Marvin Pearl, who died April 22 at age 82 after a two-year battle with mesothelioma, only stood 5’5” but he was proof that you didn’t need to be big to be a giant; you just needed a big heart.
A well respected basketball director and physical education teacher at Toronto’s Jarvis Collegiate for 34 years, Pearl has been credited with the success of high school basketball in Toronto, ultimately making the city a breeding ground of basketball talent. Not only did he coach his own team at Jarvis Collegiate, but he also ran his own tournament as well as overseeing the high-profile Metro Toronto Boys All-Star game where many of Toronto’s most promising basketball players faced off against the best high schoolers from the United States.
Pearl also had the foresight to co-found the city’s first basketball clinic in 1965, when interest in basketball was low if not non-existent, especially compared to hockey.
“I was sorry to hear about Marv’s passing,” said Glen Grunwald, president and CEO of Canada Basketball, and a former general manager of the NBA’s Toronto Raptors and New York Knicks. “He was a visionary and his passion helped lead to the tremendous growth of our game. Canada is now a basketball nation, and all of us involved in Canadian basketball owe a debt of gratitude to Marvin Pearl.”
“My dad fought as hard as he could and really battled this terrible cancer, but ultimately, and with my beloved mother Mary, a Holocaust survivor, having passed away in December, it was too much for him to bear, and he finally succumbed,” said Michelle Scholes, one of Pearl’s three children, along with sons Alden and Leonard. “I think that when my mom died, his spark, his light, was extinguished.”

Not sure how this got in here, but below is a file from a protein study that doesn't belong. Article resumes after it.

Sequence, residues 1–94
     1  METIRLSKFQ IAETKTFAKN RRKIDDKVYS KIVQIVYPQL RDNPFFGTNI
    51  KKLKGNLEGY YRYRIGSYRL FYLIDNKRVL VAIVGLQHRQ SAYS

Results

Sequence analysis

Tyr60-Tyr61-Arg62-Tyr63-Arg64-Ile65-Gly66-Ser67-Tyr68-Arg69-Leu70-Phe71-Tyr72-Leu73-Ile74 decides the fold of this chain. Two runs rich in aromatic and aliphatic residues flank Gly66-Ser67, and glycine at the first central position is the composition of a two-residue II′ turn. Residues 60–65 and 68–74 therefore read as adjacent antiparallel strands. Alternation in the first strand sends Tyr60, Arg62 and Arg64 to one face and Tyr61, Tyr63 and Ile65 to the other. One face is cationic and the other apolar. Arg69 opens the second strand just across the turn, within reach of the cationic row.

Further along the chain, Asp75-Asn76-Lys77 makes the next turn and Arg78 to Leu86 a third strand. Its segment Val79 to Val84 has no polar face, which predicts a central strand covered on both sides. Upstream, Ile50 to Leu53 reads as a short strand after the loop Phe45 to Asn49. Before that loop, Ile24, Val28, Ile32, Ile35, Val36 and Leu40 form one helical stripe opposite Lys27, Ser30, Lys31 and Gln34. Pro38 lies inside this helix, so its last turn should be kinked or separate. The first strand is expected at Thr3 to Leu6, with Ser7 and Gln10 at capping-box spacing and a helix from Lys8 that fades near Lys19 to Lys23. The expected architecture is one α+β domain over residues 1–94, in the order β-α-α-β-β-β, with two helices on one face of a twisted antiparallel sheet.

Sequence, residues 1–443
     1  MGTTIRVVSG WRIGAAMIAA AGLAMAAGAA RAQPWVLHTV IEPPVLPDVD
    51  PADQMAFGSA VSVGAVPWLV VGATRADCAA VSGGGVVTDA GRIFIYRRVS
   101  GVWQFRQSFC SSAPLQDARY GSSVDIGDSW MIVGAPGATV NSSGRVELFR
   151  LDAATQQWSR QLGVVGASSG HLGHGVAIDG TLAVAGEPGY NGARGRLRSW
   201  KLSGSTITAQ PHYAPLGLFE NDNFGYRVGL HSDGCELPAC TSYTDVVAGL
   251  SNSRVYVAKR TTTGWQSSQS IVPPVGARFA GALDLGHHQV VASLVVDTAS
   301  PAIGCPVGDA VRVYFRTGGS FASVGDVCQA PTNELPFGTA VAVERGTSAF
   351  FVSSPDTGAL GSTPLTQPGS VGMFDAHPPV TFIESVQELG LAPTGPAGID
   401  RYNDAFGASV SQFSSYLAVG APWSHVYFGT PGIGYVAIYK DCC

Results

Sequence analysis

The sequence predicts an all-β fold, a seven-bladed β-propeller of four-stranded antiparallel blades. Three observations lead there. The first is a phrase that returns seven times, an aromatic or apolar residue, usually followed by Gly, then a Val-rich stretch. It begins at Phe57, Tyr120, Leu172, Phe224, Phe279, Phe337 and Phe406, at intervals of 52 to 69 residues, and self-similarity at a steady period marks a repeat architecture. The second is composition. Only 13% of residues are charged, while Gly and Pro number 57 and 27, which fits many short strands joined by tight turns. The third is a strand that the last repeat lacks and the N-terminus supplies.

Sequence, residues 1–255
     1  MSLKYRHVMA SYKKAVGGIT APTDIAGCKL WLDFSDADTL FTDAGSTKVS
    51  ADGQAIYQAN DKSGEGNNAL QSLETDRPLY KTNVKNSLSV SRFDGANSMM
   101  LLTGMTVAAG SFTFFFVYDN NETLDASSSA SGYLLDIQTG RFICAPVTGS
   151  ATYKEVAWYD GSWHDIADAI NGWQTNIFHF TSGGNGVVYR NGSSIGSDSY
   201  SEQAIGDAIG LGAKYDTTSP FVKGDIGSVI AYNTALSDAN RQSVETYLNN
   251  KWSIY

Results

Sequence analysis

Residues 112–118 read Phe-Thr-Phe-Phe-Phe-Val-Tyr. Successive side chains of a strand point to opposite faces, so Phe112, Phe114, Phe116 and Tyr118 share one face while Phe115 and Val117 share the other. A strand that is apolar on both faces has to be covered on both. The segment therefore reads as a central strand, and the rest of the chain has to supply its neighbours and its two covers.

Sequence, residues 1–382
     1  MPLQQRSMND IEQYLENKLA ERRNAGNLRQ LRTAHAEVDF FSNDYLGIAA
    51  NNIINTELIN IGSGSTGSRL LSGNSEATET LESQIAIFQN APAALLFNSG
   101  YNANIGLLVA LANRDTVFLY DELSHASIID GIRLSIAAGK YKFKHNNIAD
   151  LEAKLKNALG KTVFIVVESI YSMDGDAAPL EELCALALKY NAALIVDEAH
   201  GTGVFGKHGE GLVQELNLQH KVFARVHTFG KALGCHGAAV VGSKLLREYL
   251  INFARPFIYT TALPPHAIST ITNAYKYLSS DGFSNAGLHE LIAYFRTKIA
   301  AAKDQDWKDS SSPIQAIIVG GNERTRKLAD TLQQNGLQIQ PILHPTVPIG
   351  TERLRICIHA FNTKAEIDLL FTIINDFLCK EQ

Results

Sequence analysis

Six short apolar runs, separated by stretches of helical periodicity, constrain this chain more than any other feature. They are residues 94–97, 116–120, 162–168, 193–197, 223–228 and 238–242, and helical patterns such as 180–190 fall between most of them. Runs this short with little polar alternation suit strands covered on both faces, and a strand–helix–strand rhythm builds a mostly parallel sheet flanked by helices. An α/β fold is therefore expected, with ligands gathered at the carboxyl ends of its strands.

“Growing up, my siblings and I ran into many former students of my dad, all of whom would share amazing stories about him, and who would get emotional when telling us how much my father helped them not only in school or in basketball, but in life,” said Alden. “To my wonderful father, there was nothing more gratifying and rewarding than helping others succeed.”
Inducted into the Ontario Basketball Hall of Fame in 2004, Pearl was also the Canadian National Exhibition’s (CNE) sports director and consultant where he ran the Lions CNE Baseball tournament; a city tradition that continues today, 65 years after its inception.
Upon learning of Pearl’s death, the CNE flew the Canadian flag at half-mast.
“Despite his size, Marvin Pearl had one of the biggest spirits at the CNE,” said Zis Parras, director of programs at the CNE. “He worked in the sports department for over 50 years and I had the pleasure to work with him for 20 of those years. Marvin won’t just be remembered for overseeing our Peewee baseball and basketball tournaments; he will be remembered for ensuring that every participant, player, coach and volunteer felt important and cared for. Marvin’s colleagues will remember his humour, caring and commitment, and he will always be part of the CNE.”
Proud of his Jewish heritage, Pearl, a member of Toronto’s Beth David Synagogue, volunteered with Maccabi Canada and took great pride in Israeli athletic accomplishments.
“My dad lived his life adhering to the best of Jewish values; values he passed down to me and my siblings, and values that we have all passed onto our children,” said Leonard. “He was one in a million, and leaves a wonderful legacy; a legacy of compassion, generosity, commitment and of doing for others; and really, I couldn’t be more proud of him for having made the world a better place.”